Reitmans (Canada): Reitmans is quite different from our previous investments in retailers. In 2021, Reitmans went into bankruptcy protection despite having no debt before the pandemic. The apparel group worked with Ernst & Young to restructure its leases and operations and return to public markets. This investment is unique due to the valuations it emerged, 3x its 2022 projected earnings. The return to physical shopping, alongside its improvements in store efficiency, has supported its return to profitability. We don’t think Reitmans will be a long-term position, but it’s rare for a retailer to be valued below a net asset value of just its real estate. You can read our summarised investment case here

Industrials and IT services

Ashley Services, Freelance.com, *ImpactHD* and Spyrosoft 

Former readers of the Jenga Briefings will remember we are keen admirers of the industrials and IT services companies such as consultants and recruitment platforms. These companies benefit from the same trends as software companies in digital transformation but remain priced well below their growth potential and their software peers. After a deep dive across the whole global sphere in 2022, we identified and invested in four companies we found to be undervalued with growth potential: 

Ashley Services: Most investors will find the Australian recruitment group’s annual reports extremely boring. But not us. We first included Ashley Services on our shortlist in late 2020 and wanted to study its turnaround from its 2016 missteps. Ashley Services manages various specialist recruitment platforms in Australia; Action Workforce, for example, is a national labour supplier in Australia’s warehousing and logistics sectors. While this industry is slow-growth, we believe Ashley Services has room for operating margin expansion, and we paid 9x P/E. The ongoing industry consolidation will also be an additional boost for Ashley Services. It recently acquired Owen Pacific, a provider of seasonal workers for the Australian horticultural industry, at just 3x EBITDA and will add AUD 4.1 million to its 2023 FY.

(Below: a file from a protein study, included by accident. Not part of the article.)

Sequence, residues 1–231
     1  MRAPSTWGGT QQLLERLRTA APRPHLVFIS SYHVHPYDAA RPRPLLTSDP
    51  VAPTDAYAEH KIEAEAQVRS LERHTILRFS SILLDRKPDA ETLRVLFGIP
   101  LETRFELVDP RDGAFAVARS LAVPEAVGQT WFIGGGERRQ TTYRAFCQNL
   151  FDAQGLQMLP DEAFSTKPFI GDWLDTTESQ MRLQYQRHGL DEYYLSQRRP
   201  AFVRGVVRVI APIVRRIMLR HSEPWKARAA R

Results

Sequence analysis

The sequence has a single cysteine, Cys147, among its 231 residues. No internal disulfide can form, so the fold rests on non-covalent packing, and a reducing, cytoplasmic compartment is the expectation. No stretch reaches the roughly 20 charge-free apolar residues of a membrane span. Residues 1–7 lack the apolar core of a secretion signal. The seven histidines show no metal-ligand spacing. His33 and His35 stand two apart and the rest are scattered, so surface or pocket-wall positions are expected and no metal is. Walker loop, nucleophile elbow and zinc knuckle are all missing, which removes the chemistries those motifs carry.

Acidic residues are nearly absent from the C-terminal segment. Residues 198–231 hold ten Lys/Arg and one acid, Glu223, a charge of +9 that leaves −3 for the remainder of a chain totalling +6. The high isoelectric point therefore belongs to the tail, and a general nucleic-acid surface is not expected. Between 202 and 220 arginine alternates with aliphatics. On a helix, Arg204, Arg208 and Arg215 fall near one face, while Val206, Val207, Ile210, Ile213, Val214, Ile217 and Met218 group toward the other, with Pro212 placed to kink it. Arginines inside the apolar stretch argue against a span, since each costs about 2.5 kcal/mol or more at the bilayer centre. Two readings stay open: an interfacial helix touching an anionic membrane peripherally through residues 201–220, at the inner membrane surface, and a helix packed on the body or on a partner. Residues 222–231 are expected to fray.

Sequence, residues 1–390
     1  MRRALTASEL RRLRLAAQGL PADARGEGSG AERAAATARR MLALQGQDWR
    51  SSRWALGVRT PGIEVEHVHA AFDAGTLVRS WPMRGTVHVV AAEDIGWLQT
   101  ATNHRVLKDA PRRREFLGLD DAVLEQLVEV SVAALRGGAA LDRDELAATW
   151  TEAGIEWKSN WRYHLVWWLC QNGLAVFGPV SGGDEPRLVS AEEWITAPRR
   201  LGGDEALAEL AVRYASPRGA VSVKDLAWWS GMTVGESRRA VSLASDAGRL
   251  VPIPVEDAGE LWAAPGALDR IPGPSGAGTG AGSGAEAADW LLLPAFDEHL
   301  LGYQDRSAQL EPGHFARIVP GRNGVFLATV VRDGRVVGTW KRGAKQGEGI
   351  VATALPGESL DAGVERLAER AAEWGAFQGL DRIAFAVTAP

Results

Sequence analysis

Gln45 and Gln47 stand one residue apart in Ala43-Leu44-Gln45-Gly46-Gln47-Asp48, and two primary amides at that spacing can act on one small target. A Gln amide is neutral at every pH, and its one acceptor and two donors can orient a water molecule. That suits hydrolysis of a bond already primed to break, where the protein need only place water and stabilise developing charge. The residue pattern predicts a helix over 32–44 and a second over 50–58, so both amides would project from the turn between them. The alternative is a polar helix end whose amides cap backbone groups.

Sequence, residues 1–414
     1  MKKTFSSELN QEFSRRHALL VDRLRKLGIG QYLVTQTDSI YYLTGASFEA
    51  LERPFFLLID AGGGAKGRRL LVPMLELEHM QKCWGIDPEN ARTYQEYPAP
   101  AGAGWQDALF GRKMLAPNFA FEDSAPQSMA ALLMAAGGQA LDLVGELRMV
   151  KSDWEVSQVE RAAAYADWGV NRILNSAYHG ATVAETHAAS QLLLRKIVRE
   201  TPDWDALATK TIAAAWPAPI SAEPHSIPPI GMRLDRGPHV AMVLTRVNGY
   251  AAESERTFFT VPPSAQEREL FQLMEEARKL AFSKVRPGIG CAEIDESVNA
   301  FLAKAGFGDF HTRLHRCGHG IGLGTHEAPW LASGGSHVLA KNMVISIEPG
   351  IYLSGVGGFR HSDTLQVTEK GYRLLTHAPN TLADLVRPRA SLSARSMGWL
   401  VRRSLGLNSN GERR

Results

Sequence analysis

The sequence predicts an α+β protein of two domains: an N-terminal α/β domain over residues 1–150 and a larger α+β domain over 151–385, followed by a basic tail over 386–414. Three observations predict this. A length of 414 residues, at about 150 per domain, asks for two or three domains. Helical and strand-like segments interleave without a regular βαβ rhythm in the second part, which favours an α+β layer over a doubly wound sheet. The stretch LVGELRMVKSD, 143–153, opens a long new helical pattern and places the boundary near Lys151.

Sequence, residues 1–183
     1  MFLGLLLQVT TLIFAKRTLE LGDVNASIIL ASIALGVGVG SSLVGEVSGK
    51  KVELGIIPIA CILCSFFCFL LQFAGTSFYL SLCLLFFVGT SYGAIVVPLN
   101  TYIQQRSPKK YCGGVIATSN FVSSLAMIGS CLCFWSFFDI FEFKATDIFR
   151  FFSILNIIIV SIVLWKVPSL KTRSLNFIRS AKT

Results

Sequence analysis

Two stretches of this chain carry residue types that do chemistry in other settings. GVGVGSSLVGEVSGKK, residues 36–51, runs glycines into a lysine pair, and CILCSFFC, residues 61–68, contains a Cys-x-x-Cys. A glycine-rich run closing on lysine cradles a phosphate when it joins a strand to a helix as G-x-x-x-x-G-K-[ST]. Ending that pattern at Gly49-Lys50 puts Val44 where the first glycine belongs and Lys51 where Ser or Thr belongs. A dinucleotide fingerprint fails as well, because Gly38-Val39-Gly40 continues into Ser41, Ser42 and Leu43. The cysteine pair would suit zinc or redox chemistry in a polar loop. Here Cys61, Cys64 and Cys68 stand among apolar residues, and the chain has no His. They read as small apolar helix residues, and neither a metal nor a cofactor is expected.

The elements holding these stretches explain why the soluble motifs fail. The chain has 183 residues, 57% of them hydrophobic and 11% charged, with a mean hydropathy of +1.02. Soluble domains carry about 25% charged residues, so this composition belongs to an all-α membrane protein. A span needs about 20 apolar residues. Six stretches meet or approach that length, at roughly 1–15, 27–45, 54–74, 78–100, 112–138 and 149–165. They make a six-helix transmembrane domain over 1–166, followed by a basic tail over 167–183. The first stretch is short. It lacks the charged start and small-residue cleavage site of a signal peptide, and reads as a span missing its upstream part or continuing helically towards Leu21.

Freelance.com: Similar to Ashley Services, Freelance.com emerged from missteps in 2016, and management has now set the group on a growth path. Anyone in France and five other operating countries seeking freelance work is a potential user of its platform, which connects people with contract and part-time work. Freelance.com is, however, operating in an increasingly competitive market and at a 25x PE ratio, this investment might seem expensive at first glance. The group has compounded earnings by 52% per year over the past five years, and we believe it can more than double earnings in 3-4 years. 

Impact HD: We invested in the Japanese retail industry services company earlier in January and on the 26th of January, shareholders received a management buyout (MBO) offer backed by Bain Capital at ¥4,500 per share, 16% above our purchase price four weeks ago. We believed the market undervalued Impact HD’s digital signage business. Its ImpactTV division had a 47% market share in the Japanese market, with the potential to triple its volume by 2026. While it’s disappointing to see Impact HD leave our portfolio so quickly, we are already focused on finding a new investment and satisfied with our investment return in just over three weeks. 

Spyrosoft: The Polish IT market is one we have studied fairly closely and made past investments in, like LiveChat Software. Spyrosoft presents another opportunity for us to invest profitably in the Polish IT market. Spyrosoft is a fast-growing software engineering company with capabilities in artificial intelligence, product design, cloud and technology consulting for clients from automotive to financial services. Management has launched an ambitious target of compounded revenue and earnings growth of 33% till 2026, and in 2022, the group has already over delivered so far thanks to its geographical client diversification, consultant growth and expansion in its capabilities like Spyrosoft Connect in Customer Relationship Management (CRM) support. We paid 23x P/E. Insiders own over 80% of outstanding shares.